AnneMarie and Andrew

Annemarie and Andrew – Trekking Asia

Xi’an to Hong Kong


Posted on Jun 5, 2014

This trip is all about experiences, some more famous or popular than others. For example, if you embark on a trip to Japan you will have many people asking about the Bullet Trains (Shinkansen). But putting China and trains in the same sentence you think of another kind of train experience. Overnight trains, Trans-Siberian, train to Lhasa. High speed trains generally don’t spring to mind. But, as we entered Beijing on the Trans-Mongolian train back in November 2013, we passed a gleaming station, brand new and filled with these amazing looking trains. Bright white, sleek and curved, they looked good. After a bit of research it turns out that China has a large high speed train network. So I decided that one thing we should do in China was take one of these high speed trains. With nothing more to do in the west of China we decided to go to Hong Kong. This was a practical necessity as well, our visa was a group visa for Tibet and couldn’t be extended. We didn’t have enough days to see everything we wanted in the east of the country so we’d have to leave the country and get another visa. Hong Kong is the only practical place to do this. Hong Kong is about 2,500km by train from Xi’an, another long overnight train or a 9hr trip during the day. We picked the latter. At the train station buying the tickets we really fulfilled the stereotype of the rich westerner. The place was heaving with people buying tickets and everyone had a few bank notes on their hands. Usually a couple of 10s or 20s. They were buying tickets costing maybe 50 Yuan (£5). Our high speed train cost 900 Yuan each (£86). We handed over a huge wad of 100s and got out fast! The high speed lines don’t go to Hong Kong, which is why they’d never come up in my search for trains. But on the border of Hong Kong is the city of Shenzhen and the high speed line terminates there. The train station is connected to the border by metro. Then over the border in Hong Kong is the MTR network which would get us to within 500m of our hotel. Perfect. The high speed line left from a different station to the one we’d arrived on. It was a 30 minute ride on the Xi’an metro. I really like cities that have metro networks, it makes getting around really stress free and simple. The station was very modern and large, built from lots of shiny metal and with shiny stone floors. Even better, no...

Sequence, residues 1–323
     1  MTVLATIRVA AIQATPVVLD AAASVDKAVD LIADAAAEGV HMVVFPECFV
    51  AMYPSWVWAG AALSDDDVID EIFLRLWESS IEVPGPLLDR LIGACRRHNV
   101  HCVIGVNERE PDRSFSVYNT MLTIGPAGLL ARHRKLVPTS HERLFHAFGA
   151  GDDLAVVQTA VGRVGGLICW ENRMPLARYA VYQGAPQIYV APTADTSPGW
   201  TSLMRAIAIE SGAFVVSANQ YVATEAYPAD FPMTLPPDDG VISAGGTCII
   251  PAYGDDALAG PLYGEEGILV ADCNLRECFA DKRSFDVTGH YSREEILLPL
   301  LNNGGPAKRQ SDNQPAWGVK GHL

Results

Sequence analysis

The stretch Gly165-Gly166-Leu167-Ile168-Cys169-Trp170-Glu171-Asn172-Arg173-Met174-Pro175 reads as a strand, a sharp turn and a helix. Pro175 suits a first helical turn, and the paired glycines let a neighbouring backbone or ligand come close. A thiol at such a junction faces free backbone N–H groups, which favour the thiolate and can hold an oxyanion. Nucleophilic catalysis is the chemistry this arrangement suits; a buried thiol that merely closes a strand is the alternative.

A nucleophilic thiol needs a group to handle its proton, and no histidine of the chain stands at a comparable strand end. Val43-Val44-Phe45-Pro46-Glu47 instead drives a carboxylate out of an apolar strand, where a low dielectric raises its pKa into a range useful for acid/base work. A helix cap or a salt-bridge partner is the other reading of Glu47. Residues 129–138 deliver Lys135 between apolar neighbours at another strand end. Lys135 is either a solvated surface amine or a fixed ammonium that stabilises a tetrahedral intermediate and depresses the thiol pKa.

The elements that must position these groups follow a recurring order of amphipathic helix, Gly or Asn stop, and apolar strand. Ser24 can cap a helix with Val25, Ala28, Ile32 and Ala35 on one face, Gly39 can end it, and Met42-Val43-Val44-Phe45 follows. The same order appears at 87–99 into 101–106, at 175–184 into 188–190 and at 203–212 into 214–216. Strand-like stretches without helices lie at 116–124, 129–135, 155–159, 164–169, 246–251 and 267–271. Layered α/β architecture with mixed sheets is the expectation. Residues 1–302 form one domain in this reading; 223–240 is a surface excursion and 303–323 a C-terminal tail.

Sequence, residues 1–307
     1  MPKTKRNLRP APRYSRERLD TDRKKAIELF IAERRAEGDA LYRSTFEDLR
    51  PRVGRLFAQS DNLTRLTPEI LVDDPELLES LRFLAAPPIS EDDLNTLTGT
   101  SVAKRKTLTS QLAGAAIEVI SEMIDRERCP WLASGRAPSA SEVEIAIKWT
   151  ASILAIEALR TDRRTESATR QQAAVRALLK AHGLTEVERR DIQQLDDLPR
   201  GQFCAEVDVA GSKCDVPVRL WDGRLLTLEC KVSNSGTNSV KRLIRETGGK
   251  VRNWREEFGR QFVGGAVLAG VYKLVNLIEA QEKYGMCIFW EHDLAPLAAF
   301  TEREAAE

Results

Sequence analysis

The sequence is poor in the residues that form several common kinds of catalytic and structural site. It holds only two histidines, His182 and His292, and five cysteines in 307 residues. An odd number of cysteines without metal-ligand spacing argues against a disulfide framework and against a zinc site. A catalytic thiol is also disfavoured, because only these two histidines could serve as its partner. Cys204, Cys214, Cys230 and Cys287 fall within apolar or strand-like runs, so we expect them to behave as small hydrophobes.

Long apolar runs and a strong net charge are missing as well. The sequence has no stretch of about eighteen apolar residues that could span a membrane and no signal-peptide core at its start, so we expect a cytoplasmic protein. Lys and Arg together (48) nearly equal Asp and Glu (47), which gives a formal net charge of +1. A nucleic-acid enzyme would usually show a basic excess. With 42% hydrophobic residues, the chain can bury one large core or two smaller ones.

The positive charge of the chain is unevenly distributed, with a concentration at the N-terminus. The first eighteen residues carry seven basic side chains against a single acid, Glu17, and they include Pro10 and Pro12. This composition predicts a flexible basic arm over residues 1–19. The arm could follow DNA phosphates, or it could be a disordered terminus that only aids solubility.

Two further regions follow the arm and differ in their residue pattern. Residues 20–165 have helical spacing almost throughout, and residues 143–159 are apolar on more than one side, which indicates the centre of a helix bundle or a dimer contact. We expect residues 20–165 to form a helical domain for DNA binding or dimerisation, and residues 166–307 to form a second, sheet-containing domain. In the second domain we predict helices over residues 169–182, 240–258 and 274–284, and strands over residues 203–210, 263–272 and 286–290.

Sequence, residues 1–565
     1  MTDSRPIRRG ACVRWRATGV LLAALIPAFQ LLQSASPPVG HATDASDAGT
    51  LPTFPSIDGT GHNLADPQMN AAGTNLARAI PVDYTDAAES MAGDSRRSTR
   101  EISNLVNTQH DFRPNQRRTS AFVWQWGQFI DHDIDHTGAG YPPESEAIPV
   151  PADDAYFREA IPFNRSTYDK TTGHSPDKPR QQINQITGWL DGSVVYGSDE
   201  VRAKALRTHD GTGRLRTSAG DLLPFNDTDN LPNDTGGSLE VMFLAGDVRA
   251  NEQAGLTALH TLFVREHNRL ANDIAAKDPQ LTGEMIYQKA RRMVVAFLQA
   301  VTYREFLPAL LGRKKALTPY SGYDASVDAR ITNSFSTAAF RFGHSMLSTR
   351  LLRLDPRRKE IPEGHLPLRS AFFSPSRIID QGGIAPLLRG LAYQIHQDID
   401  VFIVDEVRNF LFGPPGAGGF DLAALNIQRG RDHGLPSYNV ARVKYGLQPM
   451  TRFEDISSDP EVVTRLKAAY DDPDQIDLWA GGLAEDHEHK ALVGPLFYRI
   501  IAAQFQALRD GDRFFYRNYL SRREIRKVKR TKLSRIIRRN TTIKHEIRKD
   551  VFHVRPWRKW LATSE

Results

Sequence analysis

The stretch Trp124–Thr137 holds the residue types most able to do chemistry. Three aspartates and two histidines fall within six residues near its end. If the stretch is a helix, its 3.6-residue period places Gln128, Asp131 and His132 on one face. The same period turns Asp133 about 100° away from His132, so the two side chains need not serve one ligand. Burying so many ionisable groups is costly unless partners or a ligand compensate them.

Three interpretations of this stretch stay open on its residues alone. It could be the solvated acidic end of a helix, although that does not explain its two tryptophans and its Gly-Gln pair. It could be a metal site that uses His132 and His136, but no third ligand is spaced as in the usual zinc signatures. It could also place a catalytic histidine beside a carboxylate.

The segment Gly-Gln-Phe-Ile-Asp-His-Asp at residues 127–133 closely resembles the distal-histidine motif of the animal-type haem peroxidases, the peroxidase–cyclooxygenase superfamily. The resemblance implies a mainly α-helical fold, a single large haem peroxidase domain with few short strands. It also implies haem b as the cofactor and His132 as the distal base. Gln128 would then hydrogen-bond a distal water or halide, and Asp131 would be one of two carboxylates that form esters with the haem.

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Xi’an: The Terracotta Warriors


Posted on Jun 5, 2014

Warning: This post is filled with many negative comments and complaints. The warriors are hugely underrated and a massive disappointment. If you don’t care about my thoughts and just want to see some photos then skim through this post to the photos! When you think of visiting China there are a few attractions which immediately spring to mind. The Great Wall, the Forbidden Palace and the Terracotta Warriors. We were pretty excited to be visiting one of those today! The hostel we were staying in offered tours to see the warriors. Actually the tour was only transport and the entrance fee. They wanted £34 each! It was really easy to get there by ourselves. We caught the bus from the bus station for 70p each which took us straight there. Then we only had the £15 each entrance fee to pay. Half the price and no stupid tour timeframe to follow. Just to complain a little (I feel I don’t complain quite enough!) there was absolutely no information about the buses. We only know because other tourists have written blogs or put information on Trip Advisor detailing exactly where to go, what to pay, where to get off, etc. But, what really annoys me is in addition to no information there are touts taking advantage. As a white guy walking around I’m their prime target (this is the same everywhere). They have another bus. A better bus. Why not go on their bus? With some mis-information they can easily prey on any tourist who isn’t 100% sure of where they are going. And the Chinese authorities think this is acceptable! It’s not! I hate it! They will arrest people talking about freedom, rights and carry out the odd massacre or two, well not so much in recent years. And yet, in a Socialist, nay Communist system of government, they don’t help ordinary people by signposting information clearly nor stopping touts who lie, cheat and rip people off. That roughly sums up the government’s attitude. Opps… I’ll get back to the point now… Approaching the ticket office we were bombarded with people wanting to be our guide. After ignoring those we easily bought the tickets and hired an audio guide (tour guides cost a lot more and have an agenda, you go where they want you to go). At the gate we were told we couldn’t enter without paying extra for the buggy to the entrance. We would have to go the long way round. And bloody hell was it the long way round! From the ticket office to the entrance was at least 1km of shops and restaurants. Looking...

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